Leaders serve their stakeholders, not the other way around. Sometimes they forget that and let their lofty positions go to their heads. That’s when things go south.
The massively overhyped leadership fad has done little to help executives, their companies and their employees.
Cutting government down to size – budgeting to justify every program, three-page tax code, review of every regulation, holding officials accountable – that’s just crazy talk.
What in the world inspires so many young people to take on enormous student loan debt to obtain worthless liberal arts degrees?
The CNBC presidential debate was a train wreck, but as with all failures, there are lessons to be learned – lessons you’d think CEOs, governors and network executives would know by now.
How a growing number of activists and special interest groups extort companies, censor free speech and constrain free markets.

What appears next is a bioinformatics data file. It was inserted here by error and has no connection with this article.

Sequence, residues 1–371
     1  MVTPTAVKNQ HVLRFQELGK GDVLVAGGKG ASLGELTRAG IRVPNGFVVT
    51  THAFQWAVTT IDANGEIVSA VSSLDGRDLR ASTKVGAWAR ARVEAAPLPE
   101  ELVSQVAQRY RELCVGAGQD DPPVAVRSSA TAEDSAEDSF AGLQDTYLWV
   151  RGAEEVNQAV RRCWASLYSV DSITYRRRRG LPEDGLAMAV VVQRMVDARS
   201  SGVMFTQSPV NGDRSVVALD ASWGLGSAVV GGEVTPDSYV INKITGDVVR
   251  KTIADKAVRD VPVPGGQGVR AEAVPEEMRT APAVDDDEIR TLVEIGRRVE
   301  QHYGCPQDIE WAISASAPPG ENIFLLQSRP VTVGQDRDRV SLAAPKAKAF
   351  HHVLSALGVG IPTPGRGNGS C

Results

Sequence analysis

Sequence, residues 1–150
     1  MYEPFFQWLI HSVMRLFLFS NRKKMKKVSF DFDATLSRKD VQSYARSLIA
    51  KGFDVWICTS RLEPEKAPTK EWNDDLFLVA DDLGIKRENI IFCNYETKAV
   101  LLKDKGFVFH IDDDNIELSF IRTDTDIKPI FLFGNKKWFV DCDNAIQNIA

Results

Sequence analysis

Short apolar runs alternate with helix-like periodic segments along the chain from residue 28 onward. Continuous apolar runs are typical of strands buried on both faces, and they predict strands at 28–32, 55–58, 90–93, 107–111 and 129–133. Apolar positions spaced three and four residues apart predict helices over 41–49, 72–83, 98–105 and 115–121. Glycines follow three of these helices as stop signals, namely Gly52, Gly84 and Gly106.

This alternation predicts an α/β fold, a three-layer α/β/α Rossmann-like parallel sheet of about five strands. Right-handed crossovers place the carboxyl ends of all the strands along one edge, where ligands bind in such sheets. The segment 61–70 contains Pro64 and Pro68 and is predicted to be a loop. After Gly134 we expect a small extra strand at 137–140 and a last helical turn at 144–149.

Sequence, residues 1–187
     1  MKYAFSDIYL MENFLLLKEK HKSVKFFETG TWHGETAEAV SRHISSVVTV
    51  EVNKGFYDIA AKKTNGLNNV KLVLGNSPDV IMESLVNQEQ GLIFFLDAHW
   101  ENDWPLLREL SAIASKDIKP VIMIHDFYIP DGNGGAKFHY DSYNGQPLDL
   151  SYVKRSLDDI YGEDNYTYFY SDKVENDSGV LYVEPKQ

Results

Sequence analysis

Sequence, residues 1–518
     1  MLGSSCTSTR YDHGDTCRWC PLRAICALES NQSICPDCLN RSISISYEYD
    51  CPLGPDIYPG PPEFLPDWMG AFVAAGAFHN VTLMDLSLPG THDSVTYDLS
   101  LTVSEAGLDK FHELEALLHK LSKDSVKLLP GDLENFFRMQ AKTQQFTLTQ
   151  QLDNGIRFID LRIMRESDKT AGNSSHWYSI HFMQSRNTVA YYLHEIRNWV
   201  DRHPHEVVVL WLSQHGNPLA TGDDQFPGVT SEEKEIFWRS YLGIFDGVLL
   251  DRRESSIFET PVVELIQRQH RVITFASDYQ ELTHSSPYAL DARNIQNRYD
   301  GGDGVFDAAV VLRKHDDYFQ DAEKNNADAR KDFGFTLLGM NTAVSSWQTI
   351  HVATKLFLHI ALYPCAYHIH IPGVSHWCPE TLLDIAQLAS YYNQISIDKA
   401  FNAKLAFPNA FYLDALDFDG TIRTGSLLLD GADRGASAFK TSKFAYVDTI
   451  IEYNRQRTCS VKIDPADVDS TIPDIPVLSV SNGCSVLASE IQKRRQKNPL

Zappos CEO Tony Hsieh seems fixated on reengineering everything from downtown Las Vegas to the online retailer, but obsession is never a good reason to reorganize a company.
Our culture either hoists CEOs up on impossibly high pedestals or denigrates them as being undeservingly privileged. Neither viewpoint makes a bit of sense.
The backlash against insiders in the GOP race is a gross overreaction. An outsider won’t necessarily make a better president.
Founding CEO John Mackey pioneered the natural and organic food market – how could such a powerful visionary lose his way?